76ers

Blazers 130, Sixers 115: Without Joel Embiid, Sixers beat up on glass, scoreboard

Blazers 130, Sixers 115: Without Joel Embiid, Sixers beat up on glass, scoreboard

BOX SCORE

Joel Embiid's absence was certainly felt on Saturday.

Without the All-Star center, the Sixers were beat up on the glass and on the scoreboard in a 130-115 loss to the Blazers in a matinee at the Wells Fargo Center.

This one wasn't pretty. The sold out crowd started clearing their seats with a little over five minutes left in the third.

The loss drops the Sixers to 24-8 at home and 38-22 overall.

Here are observations from the loss.

• Defense — especially from a communication standpoint with new pieces — continues to be an issue at times, but in the first half, the Sixers were solid in this one, holding Portland to 41 percent shooting. In the second half, Blazers coach Terry Stotts exposed more mismatches and the Sixers didn't have answers, letting Portland shoot 63 percent in a 41-point third quarter.

• What hurt most in the first half was the Blazers hitting the offensive glass. Portland grabbed an incredible 14 offensive rebounds before halftime. Overall, the Blazers outrebounded the Sixers, 53-33. Boban Marjanovic seems to struggle in controlling rebounds. What also hurt was when Marjanovic got in pick-and-roll situations with Damian Lillard and Jusuf Nurkic. On those plays, Marjanovic is scrambling defensively, which hurts him on the boards.

• In general, Nurkic gave Marjanovic a hard time. Brett Brown actually went to Amir Johnson, fresh off his stint with the Delaware Blue Coats on Friday night, early in the third quarter to try to mitigate some of the defensive issues … it did not help. Brown also tried tried to go small, going with Mike Scott at the five, also with poor results. It was odd that Brown didn't go back to Jonah Bolden, who was solid defensively in the first half.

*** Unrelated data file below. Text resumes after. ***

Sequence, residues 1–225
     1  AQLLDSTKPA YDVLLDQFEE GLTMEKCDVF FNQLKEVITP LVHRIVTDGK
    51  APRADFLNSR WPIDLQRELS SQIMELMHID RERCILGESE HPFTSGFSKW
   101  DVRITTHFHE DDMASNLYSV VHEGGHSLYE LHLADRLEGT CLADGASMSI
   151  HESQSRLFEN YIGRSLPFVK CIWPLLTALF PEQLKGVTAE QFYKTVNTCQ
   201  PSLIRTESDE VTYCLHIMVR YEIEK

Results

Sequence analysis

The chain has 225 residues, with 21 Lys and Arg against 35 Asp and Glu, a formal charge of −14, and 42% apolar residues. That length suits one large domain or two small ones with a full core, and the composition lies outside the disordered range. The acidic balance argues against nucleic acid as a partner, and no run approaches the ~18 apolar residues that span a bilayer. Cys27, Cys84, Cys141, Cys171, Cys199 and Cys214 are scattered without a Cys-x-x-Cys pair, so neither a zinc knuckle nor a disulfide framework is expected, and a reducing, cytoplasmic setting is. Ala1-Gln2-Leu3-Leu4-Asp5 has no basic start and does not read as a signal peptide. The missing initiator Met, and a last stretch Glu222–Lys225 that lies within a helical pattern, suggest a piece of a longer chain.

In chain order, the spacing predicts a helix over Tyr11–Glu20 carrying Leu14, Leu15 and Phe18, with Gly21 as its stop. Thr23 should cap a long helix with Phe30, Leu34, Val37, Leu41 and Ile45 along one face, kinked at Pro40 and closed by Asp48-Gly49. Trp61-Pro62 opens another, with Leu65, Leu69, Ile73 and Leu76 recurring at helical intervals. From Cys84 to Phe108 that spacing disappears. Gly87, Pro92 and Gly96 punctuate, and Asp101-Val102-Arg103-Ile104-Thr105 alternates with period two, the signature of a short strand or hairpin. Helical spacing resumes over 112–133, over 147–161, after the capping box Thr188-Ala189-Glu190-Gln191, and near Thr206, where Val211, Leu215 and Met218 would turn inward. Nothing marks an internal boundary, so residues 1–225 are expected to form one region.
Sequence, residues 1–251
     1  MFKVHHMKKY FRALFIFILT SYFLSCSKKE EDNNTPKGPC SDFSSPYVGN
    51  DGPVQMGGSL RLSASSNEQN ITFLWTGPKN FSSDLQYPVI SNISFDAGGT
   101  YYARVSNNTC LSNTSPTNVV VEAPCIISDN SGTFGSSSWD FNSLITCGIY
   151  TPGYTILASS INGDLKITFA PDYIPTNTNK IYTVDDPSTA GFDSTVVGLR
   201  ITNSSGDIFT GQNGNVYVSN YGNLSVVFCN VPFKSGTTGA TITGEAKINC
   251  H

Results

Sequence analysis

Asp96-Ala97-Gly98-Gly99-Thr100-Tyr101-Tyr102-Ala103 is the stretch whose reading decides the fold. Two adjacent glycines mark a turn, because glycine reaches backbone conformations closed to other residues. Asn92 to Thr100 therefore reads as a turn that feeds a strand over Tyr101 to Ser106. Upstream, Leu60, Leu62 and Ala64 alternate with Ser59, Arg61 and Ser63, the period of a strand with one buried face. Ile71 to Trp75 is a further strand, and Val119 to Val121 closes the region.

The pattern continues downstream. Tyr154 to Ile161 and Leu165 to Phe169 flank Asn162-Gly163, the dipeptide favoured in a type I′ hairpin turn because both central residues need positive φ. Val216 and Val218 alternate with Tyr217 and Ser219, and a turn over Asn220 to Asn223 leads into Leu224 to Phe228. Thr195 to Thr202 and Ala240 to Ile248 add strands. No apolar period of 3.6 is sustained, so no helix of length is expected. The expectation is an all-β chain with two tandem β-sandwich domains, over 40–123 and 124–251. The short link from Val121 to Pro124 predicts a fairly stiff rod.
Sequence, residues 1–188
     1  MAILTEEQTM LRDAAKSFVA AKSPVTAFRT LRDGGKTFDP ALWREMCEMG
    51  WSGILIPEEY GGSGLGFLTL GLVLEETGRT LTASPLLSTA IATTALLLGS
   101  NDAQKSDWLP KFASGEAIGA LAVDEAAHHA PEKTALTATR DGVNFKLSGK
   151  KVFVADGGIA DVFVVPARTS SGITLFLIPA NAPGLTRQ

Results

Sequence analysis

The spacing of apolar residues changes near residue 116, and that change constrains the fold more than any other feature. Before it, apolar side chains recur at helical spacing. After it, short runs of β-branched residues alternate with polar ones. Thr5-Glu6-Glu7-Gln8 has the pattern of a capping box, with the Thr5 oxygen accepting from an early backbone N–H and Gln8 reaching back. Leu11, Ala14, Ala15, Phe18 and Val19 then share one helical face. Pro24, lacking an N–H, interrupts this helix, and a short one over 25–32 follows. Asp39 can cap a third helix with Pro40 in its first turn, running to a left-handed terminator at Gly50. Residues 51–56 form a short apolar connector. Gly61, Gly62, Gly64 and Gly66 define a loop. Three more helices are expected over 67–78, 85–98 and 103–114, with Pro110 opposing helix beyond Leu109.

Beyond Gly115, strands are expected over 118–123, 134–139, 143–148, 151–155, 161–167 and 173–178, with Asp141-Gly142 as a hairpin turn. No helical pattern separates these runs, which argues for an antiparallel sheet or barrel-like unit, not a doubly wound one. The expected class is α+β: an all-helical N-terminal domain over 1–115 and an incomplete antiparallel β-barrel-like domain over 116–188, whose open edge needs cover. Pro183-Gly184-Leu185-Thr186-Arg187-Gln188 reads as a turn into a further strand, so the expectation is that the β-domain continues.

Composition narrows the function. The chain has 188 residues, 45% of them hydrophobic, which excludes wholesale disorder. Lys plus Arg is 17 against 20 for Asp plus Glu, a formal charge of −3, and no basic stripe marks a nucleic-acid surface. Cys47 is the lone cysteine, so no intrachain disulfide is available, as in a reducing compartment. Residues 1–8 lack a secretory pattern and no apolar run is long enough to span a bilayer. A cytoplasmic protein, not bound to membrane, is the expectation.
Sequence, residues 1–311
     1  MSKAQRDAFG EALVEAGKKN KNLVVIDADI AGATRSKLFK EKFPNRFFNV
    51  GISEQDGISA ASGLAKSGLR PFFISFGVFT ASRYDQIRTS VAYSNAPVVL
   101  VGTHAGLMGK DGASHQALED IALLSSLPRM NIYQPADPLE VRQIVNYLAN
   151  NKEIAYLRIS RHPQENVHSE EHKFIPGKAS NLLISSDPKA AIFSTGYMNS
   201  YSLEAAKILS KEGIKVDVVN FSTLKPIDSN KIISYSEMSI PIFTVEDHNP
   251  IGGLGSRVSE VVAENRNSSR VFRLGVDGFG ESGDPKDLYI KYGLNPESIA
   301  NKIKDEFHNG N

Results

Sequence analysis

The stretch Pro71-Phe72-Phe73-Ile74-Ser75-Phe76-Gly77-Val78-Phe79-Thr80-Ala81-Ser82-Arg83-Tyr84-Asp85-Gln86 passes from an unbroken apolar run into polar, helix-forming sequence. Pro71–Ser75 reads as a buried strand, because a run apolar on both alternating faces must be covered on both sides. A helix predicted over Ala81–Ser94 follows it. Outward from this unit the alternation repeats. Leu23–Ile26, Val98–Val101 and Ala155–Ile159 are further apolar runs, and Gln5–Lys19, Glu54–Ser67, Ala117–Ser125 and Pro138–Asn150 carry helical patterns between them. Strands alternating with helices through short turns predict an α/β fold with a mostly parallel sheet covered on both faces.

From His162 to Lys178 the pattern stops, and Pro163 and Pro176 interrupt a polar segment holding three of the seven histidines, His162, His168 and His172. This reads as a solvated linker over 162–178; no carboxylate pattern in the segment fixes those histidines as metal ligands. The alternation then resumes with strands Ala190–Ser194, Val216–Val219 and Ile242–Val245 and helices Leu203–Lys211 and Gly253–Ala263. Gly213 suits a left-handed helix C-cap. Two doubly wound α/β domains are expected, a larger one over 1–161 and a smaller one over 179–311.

Nurkic went for 24 points and 10 rebounds and new backup Enes Kanter went for 16 points and eight rebounds.

• Things normally go well for Ben Simmons when he’s aggressive and looking for his shot early. He did so in this one and picked up where he left off against the Heat, where he punished them in the post.

He attacked Portland’s smaller guards early and often and it seemed to help him get into the flow of the game.

He also took another mid-range jumper from the left wing that was in and out. It looked like he thought about pulling up from three, but took a couple dribbles in and pulled up. In that situation, he’s probably better off taking the three and looking to get the extra point on a low-percentage shot.

Despite the loss, Simmons was good in this one, finishing with 29 points (11 of 17), 10 assists and seven rebounds. It's a shame one of his better NBA performances was wasted in a blowout.

• During the All-Star break, Simmons referred to Tobias Harris as a “silent assassin" while on ESPN’s The Jump. It’s such a perfect way to put it. There’s nothing flashy to Harris’ game, he’s just really, really good.

As much as having an experienced backup five like Boban Marjanovic can help mitigate the absence of Embiid — obviously not on Saturday — it’s even more crucial that the Sixers have another elite scorer like Harris. He’s stepped up with the All-Star center out the last two games. It wasn't enough, but he was also big, recording 20 points (8 of 14, 3 of 7 from three) and eight rebounds.